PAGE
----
The Modifier of mdg4 Locus in Drosophila: Functional Complexity is Resolved by trans Splicing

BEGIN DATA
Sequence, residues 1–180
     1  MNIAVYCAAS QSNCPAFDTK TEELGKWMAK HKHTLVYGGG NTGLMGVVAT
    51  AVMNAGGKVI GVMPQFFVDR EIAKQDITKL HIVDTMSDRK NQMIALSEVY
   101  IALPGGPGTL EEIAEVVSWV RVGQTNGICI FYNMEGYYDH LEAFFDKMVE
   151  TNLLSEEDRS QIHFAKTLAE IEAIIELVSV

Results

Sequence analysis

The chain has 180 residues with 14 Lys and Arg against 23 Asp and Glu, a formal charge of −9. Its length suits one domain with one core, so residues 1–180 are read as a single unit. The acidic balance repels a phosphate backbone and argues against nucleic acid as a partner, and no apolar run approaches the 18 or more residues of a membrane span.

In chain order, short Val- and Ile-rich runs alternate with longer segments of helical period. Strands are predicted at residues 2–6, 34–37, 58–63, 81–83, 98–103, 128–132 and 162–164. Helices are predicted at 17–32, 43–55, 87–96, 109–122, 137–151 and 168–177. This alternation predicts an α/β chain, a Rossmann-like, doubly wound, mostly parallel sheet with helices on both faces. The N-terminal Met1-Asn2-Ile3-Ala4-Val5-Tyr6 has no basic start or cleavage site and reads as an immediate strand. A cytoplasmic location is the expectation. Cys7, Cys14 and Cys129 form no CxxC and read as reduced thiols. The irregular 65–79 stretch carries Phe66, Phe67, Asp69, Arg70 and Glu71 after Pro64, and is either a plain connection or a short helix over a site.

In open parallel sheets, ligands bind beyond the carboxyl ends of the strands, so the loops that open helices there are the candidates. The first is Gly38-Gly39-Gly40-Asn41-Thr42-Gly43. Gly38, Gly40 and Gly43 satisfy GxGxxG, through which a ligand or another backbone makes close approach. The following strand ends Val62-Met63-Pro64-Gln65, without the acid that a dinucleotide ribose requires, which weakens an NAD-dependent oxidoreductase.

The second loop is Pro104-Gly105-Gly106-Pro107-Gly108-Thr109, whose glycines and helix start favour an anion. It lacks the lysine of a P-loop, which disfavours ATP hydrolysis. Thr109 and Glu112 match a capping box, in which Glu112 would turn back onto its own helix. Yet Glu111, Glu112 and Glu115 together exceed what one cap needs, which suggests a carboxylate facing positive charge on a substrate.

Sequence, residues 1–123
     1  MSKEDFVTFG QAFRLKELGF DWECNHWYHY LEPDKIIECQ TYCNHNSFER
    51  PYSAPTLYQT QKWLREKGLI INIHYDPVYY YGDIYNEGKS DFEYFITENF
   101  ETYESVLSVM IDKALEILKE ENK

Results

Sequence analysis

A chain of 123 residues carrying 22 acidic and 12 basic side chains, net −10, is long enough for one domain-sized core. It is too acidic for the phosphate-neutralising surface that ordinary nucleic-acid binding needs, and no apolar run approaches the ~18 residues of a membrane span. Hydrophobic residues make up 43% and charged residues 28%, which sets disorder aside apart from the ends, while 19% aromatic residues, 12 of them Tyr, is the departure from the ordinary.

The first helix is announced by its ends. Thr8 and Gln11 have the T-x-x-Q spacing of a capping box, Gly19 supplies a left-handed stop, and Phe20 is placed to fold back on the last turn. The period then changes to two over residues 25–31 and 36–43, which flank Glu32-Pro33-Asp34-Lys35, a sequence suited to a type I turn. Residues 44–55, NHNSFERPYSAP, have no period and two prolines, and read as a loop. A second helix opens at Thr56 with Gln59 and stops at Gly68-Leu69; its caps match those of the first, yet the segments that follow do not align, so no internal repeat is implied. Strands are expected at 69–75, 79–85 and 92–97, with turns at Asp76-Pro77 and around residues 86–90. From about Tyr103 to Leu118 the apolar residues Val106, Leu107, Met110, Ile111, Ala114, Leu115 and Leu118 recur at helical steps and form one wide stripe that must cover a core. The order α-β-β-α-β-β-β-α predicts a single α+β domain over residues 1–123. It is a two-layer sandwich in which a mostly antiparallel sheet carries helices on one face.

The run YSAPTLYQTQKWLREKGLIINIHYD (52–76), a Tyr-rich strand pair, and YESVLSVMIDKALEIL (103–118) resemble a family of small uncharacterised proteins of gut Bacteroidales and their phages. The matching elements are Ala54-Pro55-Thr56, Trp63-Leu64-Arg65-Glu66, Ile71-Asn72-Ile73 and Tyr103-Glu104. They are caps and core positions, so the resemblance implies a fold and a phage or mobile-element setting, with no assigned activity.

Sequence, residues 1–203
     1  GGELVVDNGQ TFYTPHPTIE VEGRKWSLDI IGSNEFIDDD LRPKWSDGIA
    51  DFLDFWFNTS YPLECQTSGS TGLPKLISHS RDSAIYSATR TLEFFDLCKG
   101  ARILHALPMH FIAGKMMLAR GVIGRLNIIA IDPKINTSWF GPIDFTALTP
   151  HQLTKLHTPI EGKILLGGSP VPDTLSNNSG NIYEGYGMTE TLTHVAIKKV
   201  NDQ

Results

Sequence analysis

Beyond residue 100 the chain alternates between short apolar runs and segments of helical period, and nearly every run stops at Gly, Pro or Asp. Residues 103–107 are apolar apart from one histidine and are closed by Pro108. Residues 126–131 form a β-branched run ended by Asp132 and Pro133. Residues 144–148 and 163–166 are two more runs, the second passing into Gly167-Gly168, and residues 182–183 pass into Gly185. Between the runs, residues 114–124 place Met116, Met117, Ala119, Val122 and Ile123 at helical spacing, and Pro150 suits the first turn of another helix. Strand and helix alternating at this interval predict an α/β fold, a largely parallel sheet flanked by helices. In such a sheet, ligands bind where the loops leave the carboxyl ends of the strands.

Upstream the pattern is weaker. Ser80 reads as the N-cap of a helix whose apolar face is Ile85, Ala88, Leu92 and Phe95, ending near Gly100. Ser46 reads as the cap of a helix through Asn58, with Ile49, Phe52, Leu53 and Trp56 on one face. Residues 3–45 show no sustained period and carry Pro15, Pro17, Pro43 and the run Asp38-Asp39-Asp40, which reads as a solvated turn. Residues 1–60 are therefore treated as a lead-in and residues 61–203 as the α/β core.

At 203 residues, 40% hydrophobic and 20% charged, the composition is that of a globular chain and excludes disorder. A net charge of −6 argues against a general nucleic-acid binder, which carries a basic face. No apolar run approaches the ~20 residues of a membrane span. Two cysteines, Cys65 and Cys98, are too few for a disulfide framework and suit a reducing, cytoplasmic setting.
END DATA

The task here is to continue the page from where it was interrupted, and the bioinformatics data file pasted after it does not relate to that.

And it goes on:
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The modifier of mdg4 (mod(mdg4)) gene of Drosophila melanogaster has been identified in many different genetic assays. It has been independently identified through mutations isolated for their effects on position effect variegation (PEV), the properties of insulator sequences, correct pathfinding of growing nerve cells, meiotic pairing of chromosomes, or apoptosis. Molecular analysis of the mod(mdg4) locus revealed that it encodes a family of at least 26 protein isoforms. Inspired by the fact that some mod(mdg4) transcripts are encoded by both antiparallel DNA strands, it was shown that mRNA trans splicing is the mechanism used by this locus to produce mature transcripts. All Mod(mdg4) protein isoforms share a common N-terminal region of 402 amino acids, which includes the conserved BTB/POZ domain. However, the isoforms differ in their C-terminal ends. Most of the C-termini contain a conserved Cys2His2 protein motif, which we have named the FLYWCH motif. Genetic and immunological data indicate that mod(mdg4) encodes a family of related chromatin proteins. Recent results indicate a functional correlation between the large number of different isoforms and the pleiotropic mutant phenotypes of most mod(mdg4) mutations. We discuss the putative function of Mod(mdg4) proteins as chromatin modulators involved in higher order chromatin domains. We also provide evidence for the evolutionary conservation of several of the isoforms and the unusual structure of the locus.
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